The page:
How much do single-tooth dentures cost?

If you have a tooth missing, but still have one or more natural teeth remaining on either your upper or lower jaw, you may qualify for a single-tooth denture, more commonly known as a partial denture.

But what exactly are they and how much do they cost? We investigate to help you fill in the gaps.

What is a single-tooth denture?

Single-tooth dentures are an option for those with missing teeth and can be used as an alternative to a tooth implant, according to Authority Dental. The replacement teeth are connected to a gum-coloured base and, usually, a metal framework to create the denture. Unlike full-mouth dentures, partial dentures fill in only a select number of teeth.

Partial Denture Cost
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Though the term ‘dentures’ initially led me to think of my grandfather and his replacement teeth, it seems that they aren’t just available for older generations. Owner and principal dentist at MyHillsDentist, David Lee, explains to Canstar that dentures can be an option for replacing teeth at any age and for a variety of reasons. 

Types of partial and single-tooth dentures

There are four main types of dentures in Australia – acrylic, chrome/metal, flexible and clear clasp. 

  • Acrylic: Teeth are bonded onto an acrylic base with a metal clasp attached to hold the denture in place. 
  • Chrome/metal: Rather than plastic, the denture is made from cast metal, making it a more permanent solution. 
  • Flexible: Made with materials such as nylon, the flexibility removes the need for any clasps.
  • Clear clasp: If you’d prefer to not show metal and have your denture remain somewhat undetected, clear clasps are made from thermoplastic material and provide that option.

The kind of partial denture available will depend on your dentist and what options they recommend. 

How much will a single-tooth denture cost?

Like any dental procedure, multiple circumstances can come into play, making an exact price hard to predict. However, at Northern Rivers Denture Clinic, prices for partial dentures start at $600 whilst at Face Value Dental, prices begin at $699. Dr Jamie Workman estimates the price range for acrylic dentures to be $600-$1,000, cobalt chrome dentures to be $900 – $1,700 and flexidentures to be $900-$1,300. Consider asking a number of dentists for a price quote, as you may be able to save by shopping around.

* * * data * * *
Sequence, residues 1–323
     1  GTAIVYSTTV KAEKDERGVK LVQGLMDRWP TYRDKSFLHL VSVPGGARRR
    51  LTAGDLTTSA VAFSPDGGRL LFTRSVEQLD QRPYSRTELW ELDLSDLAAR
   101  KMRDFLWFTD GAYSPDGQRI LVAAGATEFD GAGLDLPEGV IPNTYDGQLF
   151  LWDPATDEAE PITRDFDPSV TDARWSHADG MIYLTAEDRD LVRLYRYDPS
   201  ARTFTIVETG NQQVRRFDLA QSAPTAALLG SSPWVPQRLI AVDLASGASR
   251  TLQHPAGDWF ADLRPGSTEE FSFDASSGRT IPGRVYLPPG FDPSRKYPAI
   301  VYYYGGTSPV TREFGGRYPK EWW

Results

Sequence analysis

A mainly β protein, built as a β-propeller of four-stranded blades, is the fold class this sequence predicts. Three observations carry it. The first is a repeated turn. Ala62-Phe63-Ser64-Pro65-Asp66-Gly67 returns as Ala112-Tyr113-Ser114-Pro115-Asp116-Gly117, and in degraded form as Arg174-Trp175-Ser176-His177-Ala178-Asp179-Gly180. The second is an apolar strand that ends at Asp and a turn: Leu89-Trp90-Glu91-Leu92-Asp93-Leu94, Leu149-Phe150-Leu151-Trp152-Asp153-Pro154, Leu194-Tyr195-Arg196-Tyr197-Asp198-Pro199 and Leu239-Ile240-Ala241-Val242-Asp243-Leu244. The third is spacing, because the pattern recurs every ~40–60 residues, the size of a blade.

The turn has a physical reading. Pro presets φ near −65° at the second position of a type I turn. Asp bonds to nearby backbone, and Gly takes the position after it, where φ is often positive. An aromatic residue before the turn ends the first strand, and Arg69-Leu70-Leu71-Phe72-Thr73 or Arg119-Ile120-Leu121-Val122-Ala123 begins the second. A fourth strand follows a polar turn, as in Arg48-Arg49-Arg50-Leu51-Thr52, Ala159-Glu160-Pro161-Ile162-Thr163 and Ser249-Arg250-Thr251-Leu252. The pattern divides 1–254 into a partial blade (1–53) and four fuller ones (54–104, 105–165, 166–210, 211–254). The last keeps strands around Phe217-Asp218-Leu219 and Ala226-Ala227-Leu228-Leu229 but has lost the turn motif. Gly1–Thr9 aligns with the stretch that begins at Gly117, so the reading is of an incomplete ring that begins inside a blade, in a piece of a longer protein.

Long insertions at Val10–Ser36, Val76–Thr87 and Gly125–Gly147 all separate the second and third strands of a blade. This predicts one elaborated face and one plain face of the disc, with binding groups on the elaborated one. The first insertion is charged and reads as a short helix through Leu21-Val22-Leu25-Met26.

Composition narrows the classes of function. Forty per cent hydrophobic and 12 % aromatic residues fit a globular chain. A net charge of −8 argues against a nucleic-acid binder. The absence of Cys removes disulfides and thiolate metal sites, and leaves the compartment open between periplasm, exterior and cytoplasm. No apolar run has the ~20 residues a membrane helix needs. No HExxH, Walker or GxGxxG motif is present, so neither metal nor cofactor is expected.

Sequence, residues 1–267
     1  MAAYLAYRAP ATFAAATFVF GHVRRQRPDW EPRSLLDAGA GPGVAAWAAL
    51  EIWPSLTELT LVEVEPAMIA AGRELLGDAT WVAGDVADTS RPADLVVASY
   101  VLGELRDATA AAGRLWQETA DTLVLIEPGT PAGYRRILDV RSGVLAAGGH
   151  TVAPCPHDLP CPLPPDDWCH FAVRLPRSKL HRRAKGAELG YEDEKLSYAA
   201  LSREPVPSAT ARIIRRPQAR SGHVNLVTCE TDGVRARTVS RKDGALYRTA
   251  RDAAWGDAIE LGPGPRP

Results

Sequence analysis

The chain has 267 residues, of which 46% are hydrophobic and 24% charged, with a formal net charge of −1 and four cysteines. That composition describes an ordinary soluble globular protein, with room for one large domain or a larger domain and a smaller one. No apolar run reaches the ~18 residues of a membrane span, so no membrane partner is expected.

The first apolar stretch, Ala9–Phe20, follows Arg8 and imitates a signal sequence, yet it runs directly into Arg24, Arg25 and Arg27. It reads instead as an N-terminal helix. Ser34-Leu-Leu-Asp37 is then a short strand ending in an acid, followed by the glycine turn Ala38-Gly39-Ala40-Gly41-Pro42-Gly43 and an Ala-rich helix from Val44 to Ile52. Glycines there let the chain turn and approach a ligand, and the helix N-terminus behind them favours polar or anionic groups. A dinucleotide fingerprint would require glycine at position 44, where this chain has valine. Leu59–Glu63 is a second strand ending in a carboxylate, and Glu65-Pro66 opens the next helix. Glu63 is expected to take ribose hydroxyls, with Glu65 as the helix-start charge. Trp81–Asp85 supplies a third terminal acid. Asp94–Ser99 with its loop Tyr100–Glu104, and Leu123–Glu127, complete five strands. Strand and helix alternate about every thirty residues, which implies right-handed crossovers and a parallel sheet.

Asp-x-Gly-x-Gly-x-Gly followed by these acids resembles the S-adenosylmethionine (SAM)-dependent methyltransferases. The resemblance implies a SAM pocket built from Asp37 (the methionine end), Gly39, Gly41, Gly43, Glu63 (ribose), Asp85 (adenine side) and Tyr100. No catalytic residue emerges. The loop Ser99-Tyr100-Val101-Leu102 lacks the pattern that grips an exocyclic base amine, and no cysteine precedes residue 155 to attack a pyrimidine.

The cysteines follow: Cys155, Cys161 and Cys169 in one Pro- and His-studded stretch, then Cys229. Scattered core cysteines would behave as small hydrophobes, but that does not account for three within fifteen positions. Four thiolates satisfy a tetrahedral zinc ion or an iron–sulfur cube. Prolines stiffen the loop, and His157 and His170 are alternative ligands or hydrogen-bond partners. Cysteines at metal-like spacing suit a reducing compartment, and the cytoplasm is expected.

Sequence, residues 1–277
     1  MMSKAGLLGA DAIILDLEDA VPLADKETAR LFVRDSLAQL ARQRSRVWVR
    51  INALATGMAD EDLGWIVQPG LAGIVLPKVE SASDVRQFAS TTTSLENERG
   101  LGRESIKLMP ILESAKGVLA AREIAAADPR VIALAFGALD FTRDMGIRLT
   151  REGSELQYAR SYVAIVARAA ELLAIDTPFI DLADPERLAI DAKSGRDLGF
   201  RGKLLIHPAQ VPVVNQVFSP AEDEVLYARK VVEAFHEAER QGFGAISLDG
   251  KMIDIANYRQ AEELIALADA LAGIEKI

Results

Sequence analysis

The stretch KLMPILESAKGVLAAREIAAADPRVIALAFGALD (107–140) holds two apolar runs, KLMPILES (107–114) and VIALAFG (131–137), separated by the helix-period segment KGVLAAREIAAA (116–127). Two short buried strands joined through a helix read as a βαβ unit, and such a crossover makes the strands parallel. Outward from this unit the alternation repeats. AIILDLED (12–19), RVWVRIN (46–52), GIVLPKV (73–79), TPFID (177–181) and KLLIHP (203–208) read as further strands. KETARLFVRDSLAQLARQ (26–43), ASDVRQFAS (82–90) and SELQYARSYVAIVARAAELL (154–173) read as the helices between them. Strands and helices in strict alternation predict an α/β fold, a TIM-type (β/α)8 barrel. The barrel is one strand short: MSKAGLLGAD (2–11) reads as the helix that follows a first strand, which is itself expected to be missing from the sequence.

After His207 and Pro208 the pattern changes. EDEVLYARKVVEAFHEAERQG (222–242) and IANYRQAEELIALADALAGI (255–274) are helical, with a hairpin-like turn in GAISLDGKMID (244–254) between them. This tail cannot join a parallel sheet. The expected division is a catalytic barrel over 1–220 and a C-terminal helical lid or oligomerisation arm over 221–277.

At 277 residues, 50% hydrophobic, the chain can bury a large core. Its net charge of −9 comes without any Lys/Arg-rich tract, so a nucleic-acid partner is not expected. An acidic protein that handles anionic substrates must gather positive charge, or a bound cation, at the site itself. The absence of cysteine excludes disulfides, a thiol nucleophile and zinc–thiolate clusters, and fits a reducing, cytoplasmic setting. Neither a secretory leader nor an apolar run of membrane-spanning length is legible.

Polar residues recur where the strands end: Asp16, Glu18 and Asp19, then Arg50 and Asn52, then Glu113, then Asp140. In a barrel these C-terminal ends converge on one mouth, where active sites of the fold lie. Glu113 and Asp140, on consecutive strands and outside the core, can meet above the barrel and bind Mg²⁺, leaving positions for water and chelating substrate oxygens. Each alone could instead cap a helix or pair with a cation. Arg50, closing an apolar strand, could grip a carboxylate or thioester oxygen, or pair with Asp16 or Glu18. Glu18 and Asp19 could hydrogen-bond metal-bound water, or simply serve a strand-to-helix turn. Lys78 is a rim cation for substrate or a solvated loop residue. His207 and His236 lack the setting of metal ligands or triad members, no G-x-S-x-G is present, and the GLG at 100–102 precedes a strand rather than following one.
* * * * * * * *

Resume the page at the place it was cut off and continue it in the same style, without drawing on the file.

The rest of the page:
Partial Denture Cost
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Can single-tooth dentures be covered by private health insurance?

According to health insurer, Defence Health, if you have an extras policy that includes ‘Major Dental’, partial costs should be covered, but you will still generally incur out-of-pocket expenses.

For ‘Major Dental’ treatments like partial dentures, most insurers will require you to serve a waiting period of six to 12 months after taking out the policy before you can make a claim, according to Members Own who are a representative group for not-for-profit health funds.

Does Medicare cover single-tooth dentures?

According to AestheticDentures, Medicare only covers treatments that are deemed medically necessary. For example, if you were in a car accident and needed a tooth removed as apart of a surgical procedure, the costs might be covered. However, Medicare generally won’t cover the price of anything beyond that, such as filling the gap in your teeth with a denture, as this would be seen as a cosmetic procedure.

Can single-tooth dentures be covered through the public health system?

Each state and territory has its own way of assessing whether you qualify to be placed on the public health waiting list to receive dental treatment. For example, in Queensland, patients who need new dentures must either have a referral from a dentist or undergo a clinical assessment before they can be allocated to a waiting list.

In New South Wales, the Department of Health states that you must ring your Local Health District public health call centre number and answer any questions asked about your current dental situation. You will either be given an appointment or placed on a waiting list, depending on the severity of the issue. 

Payment plan options for single-tooth dentures

Stats from the Australian Institute of Health and Welfare suggest that 32% of people aged five and over avoided or delayed a visit to the dentist due to the cost involved, and around one in five Australians aged five and over who visited the dentist in the 12 months before the survey had avoided recommended treatment because of the price.

This may be part of the reason why some dentists now allow customers to fund their treatment through a payment plan. This can involve patients paying for their treatment in instalments after it has been carried out, whether it is through a plan offered by the dental clinic itself or via a third party, such as a ‘buy now, pay later’ service or another credit provider.